Saint Ignatius College Prep
Saint Ignatius College Prep, a Jesuit Catholic school in the heart of Chicago, is a diverse community dedicated to educating students for lives of faith, love, service and leadership. Through outstanding teaching and formation, we challenge our talented student body to intellectual excellence, integrity, life-long learning and growth. Inspired by the gospel of Jesus, this community strives to use God’s gifts to promote social justice for the greater glory of God. Located at 1076 W. Roosevelt Road, Chicago. For more information visit www.Ignatius.org.

Caterpillar Autism Learning Center
One of the hardest jobs as a parent is finding quality pre-academic services when your child has special needs. At the Caterpillar Autism Learning Center, we are offering an autism-friendly learning environment as an alternative to traditional preschool-like settings. All three of our locations are now enrolling and have no waitlist: 109 Royce Rd., Suite A, Bolingbrook. 706 Oglesby Ave. Suite 200, Normal, 8500 N Knoxville Ave, Suites A, B & C, Peoria. www.gbcautismservices.com.

Clearbrook empowers over 8,000 people impacted by intellectual and developmental disabilities. We support them—and their families—by providing support across the lifespan, helping them to live their fullest lives possible. Clearbrook provides personalized children, community day, home-based, employment, residential, and clinical services at more than 60 locations in 160 communities throughout the Chicagoland area. Learn more at www.clearbrook.org or contact us at (847) 870-7711 or info@clearbrook.org.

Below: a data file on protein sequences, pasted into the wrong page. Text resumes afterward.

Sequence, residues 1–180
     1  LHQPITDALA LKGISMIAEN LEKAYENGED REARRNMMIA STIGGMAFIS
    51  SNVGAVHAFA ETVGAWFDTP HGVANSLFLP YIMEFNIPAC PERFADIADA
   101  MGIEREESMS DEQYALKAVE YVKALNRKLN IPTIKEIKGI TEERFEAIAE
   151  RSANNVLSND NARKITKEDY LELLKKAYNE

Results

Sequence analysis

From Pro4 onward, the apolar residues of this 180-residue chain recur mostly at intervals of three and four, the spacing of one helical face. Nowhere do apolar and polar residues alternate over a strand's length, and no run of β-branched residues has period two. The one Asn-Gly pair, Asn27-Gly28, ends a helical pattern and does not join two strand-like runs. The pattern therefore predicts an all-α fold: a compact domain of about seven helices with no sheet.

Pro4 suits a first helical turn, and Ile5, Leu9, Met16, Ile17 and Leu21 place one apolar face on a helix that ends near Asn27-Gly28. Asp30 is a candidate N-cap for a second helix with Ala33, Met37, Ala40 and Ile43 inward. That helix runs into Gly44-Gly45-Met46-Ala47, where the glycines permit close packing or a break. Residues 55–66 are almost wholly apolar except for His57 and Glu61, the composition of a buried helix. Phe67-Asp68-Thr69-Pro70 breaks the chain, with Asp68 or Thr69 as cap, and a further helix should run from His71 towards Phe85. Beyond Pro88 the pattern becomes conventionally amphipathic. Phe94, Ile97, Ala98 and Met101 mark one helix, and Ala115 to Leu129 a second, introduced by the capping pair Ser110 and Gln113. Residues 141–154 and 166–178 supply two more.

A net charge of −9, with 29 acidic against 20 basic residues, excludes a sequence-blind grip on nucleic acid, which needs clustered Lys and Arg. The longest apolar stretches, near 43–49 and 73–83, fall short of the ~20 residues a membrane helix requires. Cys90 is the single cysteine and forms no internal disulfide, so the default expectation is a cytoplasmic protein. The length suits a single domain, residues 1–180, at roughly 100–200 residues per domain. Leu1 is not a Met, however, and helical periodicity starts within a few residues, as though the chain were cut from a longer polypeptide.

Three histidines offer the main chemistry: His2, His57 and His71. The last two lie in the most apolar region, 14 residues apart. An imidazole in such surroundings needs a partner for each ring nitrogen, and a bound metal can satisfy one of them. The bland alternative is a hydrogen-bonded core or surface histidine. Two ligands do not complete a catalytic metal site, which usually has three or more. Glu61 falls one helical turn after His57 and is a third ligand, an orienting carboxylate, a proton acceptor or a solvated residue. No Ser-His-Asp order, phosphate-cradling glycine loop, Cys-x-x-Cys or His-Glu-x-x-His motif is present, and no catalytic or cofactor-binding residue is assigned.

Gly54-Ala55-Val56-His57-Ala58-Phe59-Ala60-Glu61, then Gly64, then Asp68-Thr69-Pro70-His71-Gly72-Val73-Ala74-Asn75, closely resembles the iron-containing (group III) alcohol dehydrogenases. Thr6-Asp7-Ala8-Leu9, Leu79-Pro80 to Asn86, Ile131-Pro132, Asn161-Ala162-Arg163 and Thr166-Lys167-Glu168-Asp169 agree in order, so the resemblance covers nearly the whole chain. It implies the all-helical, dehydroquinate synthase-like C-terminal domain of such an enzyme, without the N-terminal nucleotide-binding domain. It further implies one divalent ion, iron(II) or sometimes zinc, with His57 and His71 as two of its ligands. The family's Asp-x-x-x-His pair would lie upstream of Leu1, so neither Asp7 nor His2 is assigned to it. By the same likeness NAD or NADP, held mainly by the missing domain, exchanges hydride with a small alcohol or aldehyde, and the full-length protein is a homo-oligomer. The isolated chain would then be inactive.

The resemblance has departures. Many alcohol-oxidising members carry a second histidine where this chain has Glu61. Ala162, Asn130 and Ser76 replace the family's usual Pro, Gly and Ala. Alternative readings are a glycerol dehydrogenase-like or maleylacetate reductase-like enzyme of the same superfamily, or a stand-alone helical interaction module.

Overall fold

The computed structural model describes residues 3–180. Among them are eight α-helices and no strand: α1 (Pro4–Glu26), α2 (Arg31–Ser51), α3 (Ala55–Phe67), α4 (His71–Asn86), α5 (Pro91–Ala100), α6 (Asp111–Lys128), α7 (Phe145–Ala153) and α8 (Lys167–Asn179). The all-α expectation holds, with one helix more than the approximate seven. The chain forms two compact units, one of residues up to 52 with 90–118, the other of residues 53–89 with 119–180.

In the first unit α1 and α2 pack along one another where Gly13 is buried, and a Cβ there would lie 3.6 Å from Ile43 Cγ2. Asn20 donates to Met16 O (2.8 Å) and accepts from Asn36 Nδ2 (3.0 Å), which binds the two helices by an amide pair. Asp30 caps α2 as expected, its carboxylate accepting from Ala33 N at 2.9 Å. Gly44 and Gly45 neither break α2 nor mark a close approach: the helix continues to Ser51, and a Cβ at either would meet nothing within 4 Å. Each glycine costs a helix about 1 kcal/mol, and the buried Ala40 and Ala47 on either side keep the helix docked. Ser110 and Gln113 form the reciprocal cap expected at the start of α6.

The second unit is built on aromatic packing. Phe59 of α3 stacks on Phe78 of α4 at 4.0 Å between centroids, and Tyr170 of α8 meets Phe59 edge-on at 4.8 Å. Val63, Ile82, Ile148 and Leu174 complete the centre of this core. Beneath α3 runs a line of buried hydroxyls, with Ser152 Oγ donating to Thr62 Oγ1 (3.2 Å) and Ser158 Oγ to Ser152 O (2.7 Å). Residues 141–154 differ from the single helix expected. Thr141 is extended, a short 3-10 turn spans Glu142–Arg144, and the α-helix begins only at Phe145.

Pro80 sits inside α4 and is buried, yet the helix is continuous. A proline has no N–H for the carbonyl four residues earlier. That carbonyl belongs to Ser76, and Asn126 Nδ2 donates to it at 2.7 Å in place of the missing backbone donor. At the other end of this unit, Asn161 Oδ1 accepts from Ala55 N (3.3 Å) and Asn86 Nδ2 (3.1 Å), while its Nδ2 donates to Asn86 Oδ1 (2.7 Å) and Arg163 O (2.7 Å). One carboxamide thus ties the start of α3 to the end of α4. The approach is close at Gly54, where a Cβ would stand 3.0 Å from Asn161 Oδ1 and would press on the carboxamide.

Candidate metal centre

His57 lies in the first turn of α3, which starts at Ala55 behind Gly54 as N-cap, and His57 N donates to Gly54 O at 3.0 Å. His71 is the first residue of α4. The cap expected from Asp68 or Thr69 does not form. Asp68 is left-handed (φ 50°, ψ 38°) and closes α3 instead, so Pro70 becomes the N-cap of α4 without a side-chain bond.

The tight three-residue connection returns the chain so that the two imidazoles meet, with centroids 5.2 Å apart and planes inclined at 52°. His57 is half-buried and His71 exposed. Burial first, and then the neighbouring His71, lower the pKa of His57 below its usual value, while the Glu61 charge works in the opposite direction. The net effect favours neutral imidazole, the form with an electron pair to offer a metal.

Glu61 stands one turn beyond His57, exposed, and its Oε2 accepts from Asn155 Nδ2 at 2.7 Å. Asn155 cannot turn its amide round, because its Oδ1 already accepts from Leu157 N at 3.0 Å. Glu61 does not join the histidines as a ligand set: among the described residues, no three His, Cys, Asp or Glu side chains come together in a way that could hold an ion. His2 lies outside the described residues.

SEASPAR is a special recreation association offering therapeutic recreation programs and services – including 2 multi-sensory room – for people with disabilities served by the park districts of Clarendon Hills, Darien, Downers Grove, La Grange, La Grange Park, Lemont, Lisle, Westmont, and Woodridge, and the villages of Brookfield, Indian Head Park, and Western Springs. Visit www.SEASPAR.org or call 630.960.7600 for information about our year-round programming for all ages and all abilities!

Shepherd’s Flock Goes Beyond
Shepherd’s Flock Intergenerational Child Care provides the unique opportunity for children and adults to interact in a variety of activities. The benefits to the adults and to the children in our care are many. Building with Legos may help toddlers develop skills, while assisting an adult with honing their own. Located in Arlington Heights, Shepherd’s Flock prides itself on being community focused, where many families form lasting bonds. “The friendships formed here carry beyond our doors. The children who grew here, have formed lifelong relationships.” – Jennifer Soukup, Director of Shepherd’s Flock. To learn more visit www.shepherdsflock.org or call 847.368.7391.

Great Lakes Volleyball Center
Looking for a volleyball program for your son or daughter, well look no further? The Great Lakes Volleyball Center located at 579 N. Oakhurst Drive, Aurora, IL. 60502 will offer girls and boys programs three years to sixth grade with our Winter Youth Volleyball Academy (K – 6th grade). We also have a GLC Elite JH Winter program for our multisport girl athletes starting in November! For more info, call 630-898-6400 or visit www.greatlakescenter.com  FB: Sports Performance Volleyball